Pkhovi (Georgian: ფხოვი), also known as Pkhoet'i (ფხოეთი), is a medieval term for the mountainous district in northeast Georgia comprising the latter-day provinces of Pshavi and Khevsureti along the upper reaches of the Aragvi, and in three alpine valleys just north of the main crest of the Greater Caucasus (today's Dusheti district, Mtskheta-Mtianeti region). Its inhabitants – the Pkhovians (ფხო[ვ]ელნი, Pkho[v]elni) – were a tribe of Georgian highlanders known for their warlike character and frequent disobedience to the royal authority.
The toponym Pkhovi, which may derive from a Georgian root meaning "brave, valiant", is first attested in a passage from the seventh-century chronicle The Conversion of Kartli which refers to the defiance of local highlanders to Christianizing efforts of the king Mirian III, and St. Nino, a 4th-century apostle of eastern Georgia (Kartli/Iberia). These pressures are reported to have forced several Pkhovian families to move southeast to Tusheti.
Although the population of this region was nominally under the direct rule of the Georgian crown, they had never been completely integrated into the feudal system of medieval Georgia, and remained relatively little affected by implantation of aristocratic landowners as well as foreign intrusions. However, as Professor Kevin Tuite of Université de Montréal has recently suggested,
[The Pkhovian highlanders] adopted the principal concepts, and vocabulary, of Georgian feudalism. Rather than being instantiated on the ground, however, the principles of hierarchy, interdependence between lord and vassal, land tenure, military and labour tribute, etc., were projected onto the cosmological plane, and superimposed upon beliefs inherited from the common Georgian (or possibly pan-Caucasian) religious system.— Tuite 2002, 2004.
The position of the Georgian Orthodox Church was also weak, and the Pkhovians professed a curious mixture of pagan and Christian beliefs. This has reflected in the religious architecture of Pkhovi: whereas each village of other highland provinces of Georgia, such as Svaneti, Khevi, Mtiuleti, and Racha, has at least one church dating from the 5th to the 18th century, Pkhovi appears to be devoid of Georgian Orthodox churches. Instead, the region abounds in sacred sites, of which the most venerated are referred to as khati or jvari, meaning "an icon" and "a cross" in standard Georgian usage, but denoting, beyond these sacred images, the sanctuaries in which they are housed, and the deity believed to preside over the sanctuary in Pkhovi.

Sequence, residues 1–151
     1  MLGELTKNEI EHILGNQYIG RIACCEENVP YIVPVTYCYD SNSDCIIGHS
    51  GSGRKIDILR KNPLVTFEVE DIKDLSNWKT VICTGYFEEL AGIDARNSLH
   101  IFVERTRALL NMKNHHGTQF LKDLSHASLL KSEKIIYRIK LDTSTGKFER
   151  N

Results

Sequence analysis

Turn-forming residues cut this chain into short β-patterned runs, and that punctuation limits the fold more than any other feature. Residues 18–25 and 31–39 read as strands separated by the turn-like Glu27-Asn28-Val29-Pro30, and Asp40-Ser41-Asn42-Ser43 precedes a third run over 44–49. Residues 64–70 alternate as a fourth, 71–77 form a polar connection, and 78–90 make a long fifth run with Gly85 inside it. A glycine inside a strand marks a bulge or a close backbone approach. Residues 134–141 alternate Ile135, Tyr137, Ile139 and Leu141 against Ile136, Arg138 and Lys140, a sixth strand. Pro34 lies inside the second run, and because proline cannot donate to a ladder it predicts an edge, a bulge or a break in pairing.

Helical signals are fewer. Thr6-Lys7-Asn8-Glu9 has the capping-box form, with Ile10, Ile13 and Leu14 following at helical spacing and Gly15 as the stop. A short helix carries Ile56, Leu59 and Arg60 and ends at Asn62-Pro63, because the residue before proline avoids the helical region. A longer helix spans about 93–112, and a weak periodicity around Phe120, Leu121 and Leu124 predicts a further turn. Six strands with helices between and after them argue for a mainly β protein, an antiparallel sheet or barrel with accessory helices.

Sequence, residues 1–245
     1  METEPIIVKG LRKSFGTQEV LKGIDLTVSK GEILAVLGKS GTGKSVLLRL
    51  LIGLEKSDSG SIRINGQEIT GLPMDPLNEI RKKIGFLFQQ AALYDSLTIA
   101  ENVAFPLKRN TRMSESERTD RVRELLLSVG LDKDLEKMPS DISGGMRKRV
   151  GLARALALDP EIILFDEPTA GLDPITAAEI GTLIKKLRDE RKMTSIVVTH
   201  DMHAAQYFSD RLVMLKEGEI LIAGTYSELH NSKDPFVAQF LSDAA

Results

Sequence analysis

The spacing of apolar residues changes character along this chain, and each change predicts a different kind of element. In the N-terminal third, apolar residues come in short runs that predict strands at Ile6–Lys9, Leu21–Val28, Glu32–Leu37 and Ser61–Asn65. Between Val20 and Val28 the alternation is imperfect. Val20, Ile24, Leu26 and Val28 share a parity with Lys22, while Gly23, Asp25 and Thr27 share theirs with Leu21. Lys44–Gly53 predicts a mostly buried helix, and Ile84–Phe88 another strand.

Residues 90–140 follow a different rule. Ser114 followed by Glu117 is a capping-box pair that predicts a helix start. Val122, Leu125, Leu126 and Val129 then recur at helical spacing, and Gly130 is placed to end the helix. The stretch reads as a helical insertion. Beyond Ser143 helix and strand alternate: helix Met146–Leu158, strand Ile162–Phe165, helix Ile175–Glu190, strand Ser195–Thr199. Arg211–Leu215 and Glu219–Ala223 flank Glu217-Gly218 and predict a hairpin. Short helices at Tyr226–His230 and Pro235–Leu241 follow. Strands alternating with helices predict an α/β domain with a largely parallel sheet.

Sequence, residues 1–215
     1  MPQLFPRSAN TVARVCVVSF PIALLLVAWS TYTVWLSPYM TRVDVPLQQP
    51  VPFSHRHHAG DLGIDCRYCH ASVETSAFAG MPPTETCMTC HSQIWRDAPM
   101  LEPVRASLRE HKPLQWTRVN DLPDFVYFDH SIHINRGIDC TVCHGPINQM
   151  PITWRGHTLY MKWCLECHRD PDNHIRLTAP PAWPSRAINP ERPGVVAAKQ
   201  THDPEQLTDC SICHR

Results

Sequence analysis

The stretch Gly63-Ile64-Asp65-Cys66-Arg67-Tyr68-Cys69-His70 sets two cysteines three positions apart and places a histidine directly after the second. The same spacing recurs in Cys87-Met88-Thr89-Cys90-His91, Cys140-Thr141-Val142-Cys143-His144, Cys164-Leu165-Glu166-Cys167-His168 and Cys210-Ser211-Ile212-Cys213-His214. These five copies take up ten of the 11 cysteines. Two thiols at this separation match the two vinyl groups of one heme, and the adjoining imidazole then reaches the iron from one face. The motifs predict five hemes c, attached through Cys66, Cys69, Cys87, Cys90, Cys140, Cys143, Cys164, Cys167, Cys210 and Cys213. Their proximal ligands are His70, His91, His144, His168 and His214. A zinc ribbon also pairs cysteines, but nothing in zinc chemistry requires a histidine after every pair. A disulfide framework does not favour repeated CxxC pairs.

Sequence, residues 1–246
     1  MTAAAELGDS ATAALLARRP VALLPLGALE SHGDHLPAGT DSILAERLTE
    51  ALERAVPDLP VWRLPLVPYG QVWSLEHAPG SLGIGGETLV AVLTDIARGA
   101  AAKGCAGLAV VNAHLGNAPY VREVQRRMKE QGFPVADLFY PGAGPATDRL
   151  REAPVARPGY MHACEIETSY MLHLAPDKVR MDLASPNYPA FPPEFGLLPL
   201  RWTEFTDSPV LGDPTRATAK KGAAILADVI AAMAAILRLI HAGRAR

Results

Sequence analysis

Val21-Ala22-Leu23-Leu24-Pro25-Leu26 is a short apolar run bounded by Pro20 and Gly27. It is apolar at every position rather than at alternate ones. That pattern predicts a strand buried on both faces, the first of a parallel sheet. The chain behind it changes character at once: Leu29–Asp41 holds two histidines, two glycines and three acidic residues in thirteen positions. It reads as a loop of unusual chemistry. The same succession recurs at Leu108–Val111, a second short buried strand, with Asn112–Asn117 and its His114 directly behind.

The refractory independence of Pkhovi's mountainous clans led to the sporadic incursions of royal troops bent on forcing them into submission. One of the most devastating expeditions against the Pkhovians was organized, c. 1212, at the behest of the queen Tamar of Georgia who presided over the Golden Age of the Kingdom of Georgia. The contemporary chronicle recounts a bloody three-month campaign of pacification by Tamar's general Ivane the atabek, that left several Pkhovian villages and shrines destroyed.
The term Pkhovi disappeared in the 15th century and was replaced with the toponyms: Pshavi and Khevsureti. It has survived, however, in the name of the village Shuapkho (shua- meaning "middle" in Georgian), and the Vainakh designation for the Khevsurs – Pkhia (Пхий).
- Tuite, Kevin (2002). Real and imagined feudalism in highland Georgia. Amirani #7; 25-43 (Online text, pp. 4, 16 at the Université de Montréal website)
- Tuite, Kevin (2003). Political and social significance of highland shrines in post-Soviet Georgia. Amirani #9; 7-23 (Online text, p. 10 at the Université de Montréal website)
- (in Georgian) დუშეთის რაიონი/ისტორიული ექსკურსი. (Dusheti District/Historical excursus). Regional Administration of Mtskheta-Mtianeti. Accessed on November 22, 2007.
- (in Georgian) Topchishvili, Roland. ქართველთა ეთნიკური ისტორია და საქართველოს ისტორიულ-ეთნოგრაფიული მხარეები. (Ethnic history of the Georgians and historical-ethnographic provinces of Georgia) The National Parliamentary Library of Georgia. Accessed on November 22, 2007.